Table 2

Patient characteristics

Patient characteristics (n = 191)

Mean (range)

n (%)

Age (years)

62.4 (23–84)

 

Sex, male

 

78 (41)

Atopic diseases

 

32 (17)

Diagnosis

  

Colon

 

86 (45)

Stomach

 

10 (5)

Ovary

 

35 (18)

Pancreas

 

9 (5)

Peritoneum

 

8 (4)

Rectum

 

25 (13)

Other1

 

18 (10)

Prior platinum exposure, yes

 

45 (24)

Treament regimen

  

FOLFOX4 (oxaliplatin, 5-fluorouracil and leucovorin)

 

101 (53)

FOLFOX4-bevacizumab

 

10 (5)

FOLFOX4-cetuximab

 

4 (2)

GEMOX (oxaliplatin and gemcitabine)

 

47 (25)

Oxaliplatin alone

 

5 (3)

TOMOX(oxaliplatin and raltitrexed)

 

12 (6)

Other2

 

12 (6)

Total infusion courses

6.4 (1–18)

 

Oxaliplatin dose (mg/m2)

85.3 (42–160)

 

1Includes: appendix (2), gallbladder (4), liver (2), mouth (1), oesophagus (2), endometrium (1) and unknown primary (6).

2Includes: 2 ELOGEM (combination of oxaliplatin and gemcitabine), 2 EOX (combination of oxaliplatin, epirubicin and capecitabine), 2 FOLFIRINOX (combination of oxaliplatin, irinotecan, 5-fluorouracil and leucovorin), 1 FOLFOX6 (combination of oxaliplatin, 5-fluorouracil and leucovorin), 2 FOLFOX7 (combination of oxaliplatin, 5-fluorouracil and leucovorin), 1 patient treated with oxaliplatin and epirubicine, 1 oxaliplatin with cetuximab and 1 XELOX (combination of oxaliplatin and capecitabine).

Table 3

Hypersensitivity reactions to oxaliplatin

 

Hypersensitivity reactions to oxaliplatin

Hypersensitivity reactions

17 (8.9%)

Severity according to Ring and Messmer[17]

 

Grade 1 events

12 (6.3%)

Grade 2 events

2 (1.0%)

Grade 3 events

3 (1.6%)

Grade 4 events

0

Severity according to to NCI-CTCAE

 

Grade 1 events

5 (2.9%)

Grade 2 events

9 (4.7%)

Grade 3 events

3 (1.6%)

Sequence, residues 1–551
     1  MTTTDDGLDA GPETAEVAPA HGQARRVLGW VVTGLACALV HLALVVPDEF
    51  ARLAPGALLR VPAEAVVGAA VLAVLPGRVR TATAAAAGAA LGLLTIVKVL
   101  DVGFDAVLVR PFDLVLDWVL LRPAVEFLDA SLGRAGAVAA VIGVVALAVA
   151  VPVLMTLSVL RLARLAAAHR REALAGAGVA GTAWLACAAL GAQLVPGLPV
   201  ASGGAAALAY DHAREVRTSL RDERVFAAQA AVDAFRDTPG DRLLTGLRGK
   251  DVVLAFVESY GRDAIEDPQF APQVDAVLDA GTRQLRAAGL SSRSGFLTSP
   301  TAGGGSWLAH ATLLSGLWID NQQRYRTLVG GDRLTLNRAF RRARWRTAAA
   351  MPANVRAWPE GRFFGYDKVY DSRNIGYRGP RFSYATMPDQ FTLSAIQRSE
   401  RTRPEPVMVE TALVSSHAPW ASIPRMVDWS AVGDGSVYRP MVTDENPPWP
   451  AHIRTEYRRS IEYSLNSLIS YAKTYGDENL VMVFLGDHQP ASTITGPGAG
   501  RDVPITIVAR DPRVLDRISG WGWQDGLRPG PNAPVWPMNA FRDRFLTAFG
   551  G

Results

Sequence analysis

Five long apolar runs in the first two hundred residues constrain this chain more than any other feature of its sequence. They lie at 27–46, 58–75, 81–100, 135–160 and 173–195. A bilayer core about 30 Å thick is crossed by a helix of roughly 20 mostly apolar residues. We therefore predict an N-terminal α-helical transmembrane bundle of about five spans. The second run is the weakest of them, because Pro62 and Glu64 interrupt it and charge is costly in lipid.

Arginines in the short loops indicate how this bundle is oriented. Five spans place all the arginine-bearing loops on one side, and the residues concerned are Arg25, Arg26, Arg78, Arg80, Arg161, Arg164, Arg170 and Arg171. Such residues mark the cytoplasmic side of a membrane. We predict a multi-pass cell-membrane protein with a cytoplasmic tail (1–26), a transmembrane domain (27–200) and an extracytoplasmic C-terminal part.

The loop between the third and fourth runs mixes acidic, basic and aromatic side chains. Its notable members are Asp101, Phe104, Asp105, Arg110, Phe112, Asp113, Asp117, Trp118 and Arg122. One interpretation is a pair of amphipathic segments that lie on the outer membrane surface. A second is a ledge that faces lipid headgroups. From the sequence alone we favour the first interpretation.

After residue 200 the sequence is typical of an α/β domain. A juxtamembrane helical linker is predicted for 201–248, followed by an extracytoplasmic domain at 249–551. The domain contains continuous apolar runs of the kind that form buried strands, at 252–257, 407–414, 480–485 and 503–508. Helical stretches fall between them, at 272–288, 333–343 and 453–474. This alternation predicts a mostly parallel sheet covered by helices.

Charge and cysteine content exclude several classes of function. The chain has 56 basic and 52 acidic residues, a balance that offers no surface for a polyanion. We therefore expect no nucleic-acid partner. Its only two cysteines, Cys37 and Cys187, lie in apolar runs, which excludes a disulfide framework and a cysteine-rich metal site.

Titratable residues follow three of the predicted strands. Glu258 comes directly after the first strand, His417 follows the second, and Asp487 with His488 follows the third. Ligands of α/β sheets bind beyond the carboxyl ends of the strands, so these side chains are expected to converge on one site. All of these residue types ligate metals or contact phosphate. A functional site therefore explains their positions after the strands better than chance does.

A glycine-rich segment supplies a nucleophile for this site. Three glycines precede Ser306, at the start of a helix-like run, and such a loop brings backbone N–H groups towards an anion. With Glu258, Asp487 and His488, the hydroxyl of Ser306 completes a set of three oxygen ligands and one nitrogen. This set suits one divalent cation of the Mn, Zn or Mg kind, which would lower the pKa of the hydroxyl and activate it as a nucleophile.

Grade 4 events

0

Grade 5 events

0

Cycle number at event

 

Median (range)

3 (1–13)

NCI-CTCAE: National Cancer Institute Common Terminology Criteria for Adverse Events.

During the first reaction, the most common effects were flushing (10 patients), urticaria (4 patients) and fever (4 patients). Two patients experienced dyspnea without bronchospasm. Severity of HSRs according to the Ring and Messmer’s classification and the National Cancer Institute Common Terminology Criteria for Adverse Events (NCI-CTCAE v 4) was similar (Table 3). Most reactions were moderate but three patients presented grade 3 HSRs with hypotension, hypothermia and symptomatic larynx spasm (1 patient), acute hypertension, symptomatic larynx spasm and dyspnea (1 patient), and hypotension, bradycardia, hypothermia and fainting (1 patient). There was no grade 4 event (heart failure or respiratory arrest which required urgent intervention) and no death. Nine patients responded promptly to symptomatic treatments (antihistamines, corticosteroids, narcotics or IV fluids) and 3 patients had a more prolonged reaction not rapidly responsive to symptomatic medications and/or brief interruption of infusion.

After their first HSR episode, 13 patients (76%) were rechallenged with a mean 4.8 further cycles of oxaliplatin, associated in most cases with strengthened premedication including antihistamines and higher-dose corticosteroids. Patients who experienced a grade 3 HSR were not rechallenged. Four (30.8%) experienced another HSR at the following course: 1 second reaction in 3 patients and 2 in another patient, which 1 required definitive withdrawn of oxaliplatin. A total 22 HSRs occurred in 17 patients and required definitive withdrawn of oxaliplatin in 2 patients. Clinical signs and severity were generally similar in first and repeat episodes. Three clinicopathological parameters emerged as potential risk factors for oxaliplatin HSR using univariate analysis (Tables 4 and5). Patients from the HSR group were younger (mean age, 56.2 years) than controls (mean age, 62.6 years; p < 0.05). The rate of oxaliplatin HSR was higher in women than men (p < 0.05), with 14.2% of all women treated with oxaliplatin having reactions compared to only 1.3% of all men. Thirdly, HSR was more frequent in patients previously treated with platinum salts (p < 0.05). Mean oxaliplatin dose and presence of atopic background were not significantly associated with HSR. Using multivariate analysis, sex was the only remaining significant covariate, thereby confirming that women are at higher risk of oxaliplatin than men (p < 0.05).
Table 4

Results of univariate analysis (n = 191)

 

Patients (n)

HSR (n)

HSR (%)

p value1